Charles Brox Jr. of Punta Gorda, Fla. was a “Citizen-Soldier” in the U.S. Army Reserves for almost 30 years. He retired a full colonel and commander of the 1209th Garrison Command, headquartered in New York State.
His military life began in 1953 when he entered Norwich University, the oldest private military university in the United States and the originator of the ROTC program in this country. Four years later he graduated from college and was commissioned a 2nd lieutenant in the tank corps.
“In 1958 President Dwight Eisenhower sent the Marines into Beirut, Lebanon. He was about to send our tank unit there, too, and then changed his mind and called it off,” Brox recalled decades later at his Punta Gorda Isles home. “By then Congress established the Reserve Forces Act which reduced active duty from two years to six months.
“After four years of military school and six months of active duty in the Army I decided full-time military life wasn’t for me,” he said. “I was big on the concept of producing ‘Citizen-Soldiers.’ If you need me call on me, but otherwise leave me alone as a civilian,” he explained.
By this time Brox had become a salesman for Mobil Oil Co. in the New York area. About the same time he joined the 205th Tank Battalion in Fern, N.Y. He was a platoon leader and a 1st lieutenant.
A short while later he was transferred to Utica, N.Y. when he received a job promotion with Mobil. It was there he joined the 479th Engineering Battalion in nearby Canton, N.Y.
Because he was never home, he was always on the road for Mobil, his wife, Carolyn, decided to go back to collage. She received her Bachelor’s and Master’s degree in English from Potsdam State College in Potsdam, N.Y.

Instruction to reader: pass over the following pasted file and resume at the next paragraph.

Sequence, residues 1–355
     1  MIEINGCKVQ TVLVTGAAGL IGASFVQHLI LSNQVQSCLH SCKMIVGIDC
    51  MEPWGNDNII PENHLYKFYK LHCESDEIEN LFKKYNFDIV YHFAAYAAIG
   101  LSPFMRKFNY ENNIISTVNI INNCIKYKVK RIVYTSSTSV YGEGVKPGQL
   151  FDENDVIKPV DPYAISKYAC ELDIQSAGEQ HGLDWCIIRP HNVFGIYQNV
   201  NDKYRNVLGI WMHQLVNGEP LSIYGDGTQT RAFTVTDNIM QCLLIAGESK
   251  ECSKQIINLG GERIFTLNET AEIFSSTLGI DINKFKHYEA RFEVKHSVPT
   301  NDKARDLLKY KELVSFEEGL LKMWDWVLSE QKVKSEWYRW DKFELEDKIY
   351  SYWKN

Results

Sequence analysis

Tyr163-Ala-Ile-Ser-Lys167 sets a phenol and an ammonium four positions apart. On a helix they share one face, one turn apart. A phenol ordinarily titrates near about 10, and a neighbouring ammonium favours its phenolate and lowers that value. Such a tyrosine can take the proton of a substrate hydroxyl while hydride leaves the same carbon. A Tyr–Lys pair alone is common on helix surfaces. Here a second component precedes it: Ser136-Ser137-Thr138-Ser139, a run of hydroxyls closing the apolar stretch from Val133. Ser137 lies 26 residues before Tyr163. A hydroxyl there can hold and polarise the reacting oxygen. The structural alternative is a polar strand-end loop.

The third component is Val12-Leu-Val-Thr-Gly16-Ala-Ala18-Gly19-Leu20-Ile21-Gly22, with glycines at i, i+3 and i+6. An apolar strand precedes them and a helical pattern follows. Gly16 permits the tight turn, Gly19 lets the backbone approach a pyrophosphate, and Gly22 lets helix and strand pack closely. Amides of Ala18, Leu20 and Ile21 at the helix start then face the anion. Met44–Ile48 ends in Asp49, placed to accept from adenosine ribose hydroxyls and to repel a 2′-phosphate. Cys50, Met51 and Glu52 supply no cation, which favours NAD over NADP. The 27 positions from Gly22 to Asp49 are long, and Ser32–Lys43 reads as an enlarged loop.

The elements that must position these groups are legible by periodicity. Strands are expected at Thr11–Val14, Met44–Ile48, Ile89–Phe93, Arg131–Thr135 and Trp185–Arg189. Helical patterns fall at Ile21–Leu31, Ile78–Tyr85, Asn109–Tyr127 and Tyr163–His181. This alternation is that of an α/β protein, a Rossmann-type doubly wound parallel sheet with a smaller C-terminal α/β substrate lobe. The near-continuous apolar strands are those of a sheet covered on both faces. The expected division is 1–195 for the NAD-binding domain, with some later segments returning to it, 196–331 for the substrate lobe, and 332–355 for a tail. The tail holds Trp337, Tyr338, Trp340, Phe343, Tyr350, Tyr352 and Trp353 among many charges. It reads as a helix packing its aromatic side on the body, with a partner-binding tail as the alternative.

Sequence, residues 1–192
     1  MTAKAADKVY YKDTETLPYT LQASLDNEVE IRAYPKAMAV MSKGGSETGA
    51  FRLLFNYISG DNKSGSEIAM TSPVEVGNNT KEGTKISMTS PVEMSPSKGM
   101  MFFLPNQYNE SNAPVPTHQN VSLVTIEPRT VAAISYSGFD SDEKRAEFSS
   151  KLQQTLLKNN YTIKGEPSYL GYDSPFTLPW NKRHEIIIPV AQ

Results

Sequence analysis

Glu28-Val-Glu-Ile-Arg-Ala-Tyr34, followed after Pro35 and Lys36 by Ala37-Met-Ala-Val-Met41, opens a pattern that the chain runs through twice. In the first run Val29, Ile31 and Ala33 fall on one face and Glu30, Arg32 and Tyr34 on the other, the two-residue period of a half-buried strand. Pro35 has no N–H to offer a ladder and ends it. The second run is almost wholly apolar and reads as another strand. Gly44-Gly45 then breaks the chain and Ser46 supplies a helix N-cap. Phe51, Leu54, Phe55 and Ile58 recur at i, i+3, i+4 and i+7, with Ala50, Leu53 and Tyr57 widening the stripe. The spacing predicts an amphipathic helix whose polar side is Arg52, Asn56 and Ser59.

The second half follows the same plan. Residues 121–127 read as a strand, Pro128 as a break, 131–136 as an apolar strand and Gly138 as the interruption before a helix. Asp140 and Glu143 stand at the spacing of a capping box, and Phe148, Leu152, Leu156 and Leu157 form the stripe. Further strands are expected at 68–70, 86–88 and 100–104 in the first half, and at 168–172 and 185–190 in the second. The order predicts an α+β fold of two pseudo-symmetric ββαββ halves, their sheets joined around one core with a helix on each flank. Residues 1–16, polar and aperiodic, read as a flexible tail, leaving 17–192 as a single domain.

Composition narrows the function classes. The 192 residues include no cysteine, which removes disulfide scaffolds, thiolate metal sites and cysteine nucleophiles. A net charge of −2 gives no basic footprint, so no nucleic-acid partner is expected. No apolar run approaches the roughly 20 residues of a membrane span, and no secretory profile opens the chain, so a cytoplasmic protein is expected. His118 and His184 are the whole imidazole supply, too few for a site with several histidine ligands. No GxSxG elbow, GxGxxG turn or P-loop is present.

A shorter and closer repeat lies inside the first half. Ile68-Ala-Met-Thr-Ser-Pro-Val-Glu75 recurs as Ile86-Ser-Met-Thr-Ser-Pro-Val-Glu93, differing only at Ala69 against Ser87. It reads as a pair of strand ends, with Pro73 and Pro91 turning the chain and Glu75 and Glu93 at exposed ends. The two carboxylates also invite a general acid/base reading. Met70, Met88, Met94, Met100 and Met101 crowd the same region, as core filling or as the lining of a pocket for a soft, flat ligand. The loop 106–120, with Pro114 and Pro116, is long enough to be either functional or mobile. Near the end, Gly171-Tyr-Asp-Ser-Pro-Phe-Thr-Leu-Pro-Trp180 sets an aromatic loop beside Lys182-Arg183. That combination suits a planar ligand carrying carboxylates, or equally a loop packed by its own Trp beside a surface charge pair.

“She left public school English teaching after the first year and went to work at a local prison teaching prisoners how to pass their GED,” Brox said. “She liked teaching the inmates better than teaching the children in public school.”
He was about to be transferred again by Mobil. This time they were going to send him to Kansas. Brox didn’t want to go and he decided to quit Mobil.
“I went back to college myself and got a Master’s degree from St. Lawrence University in psychology and counseling,” he said. “I got a job teaching at Jefferson Community College in Watertown N.Y. in 1965. I taught psychology and started a counseling center.
About the same time he transferred his military connections to the headquarters unit of the 479th Engineering Battalion located in Watertown. It was at this point Brox realized that if he was going increase his rank in the military he would have to take the courses required of regular Army soldiers..
He got a three months leave of absence from Jefferson where he was teaching and signed up for three months at the Army’s Basic Engineer School located at Fort Belvoir, Va. After graduation he returned to the headquarters of the 479th as the battalion’s training officer and resumed his teaching career at Jefferson.